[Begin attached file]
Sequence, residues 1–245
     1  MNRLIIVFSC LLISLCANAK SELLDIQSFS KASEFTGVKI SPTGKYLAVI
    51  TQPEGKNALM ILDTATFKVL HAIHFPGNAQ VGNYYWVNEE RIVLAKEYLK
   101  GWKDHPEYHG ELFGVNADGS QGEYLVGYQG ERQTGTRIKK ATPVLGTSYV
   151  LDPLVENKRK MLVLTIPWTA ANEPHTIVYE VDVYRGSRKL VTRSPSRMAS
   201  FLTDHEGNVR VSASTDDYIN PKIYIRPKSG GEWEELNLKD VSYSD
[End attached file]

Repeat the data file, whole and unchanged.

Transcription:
Sequence, residues 1–245
     1  MNRLIIVFSC LLISLCANAK SELLDIQSFS KASEFTGVKI SPTGKYLAVI
    51  TQPEGKNALM ILDTATFKVL HAIHFPGNAQ VGNYYWVNEE RIVLAKEYLK
   101  GWKDHPEYHG ELFGVNADGS QGEYLVGYQG ERQTGTRIKK ATPVLGTSYV
   151  LDPLVENKRK MLVLTIPWTA ANEPHTIVYE VDVYRGSRKL VTRSPSRMAS
   201  FLTDHEGNVR VSASTDDYIN PKIYIRPKSG GEWEELNLKD VSYSD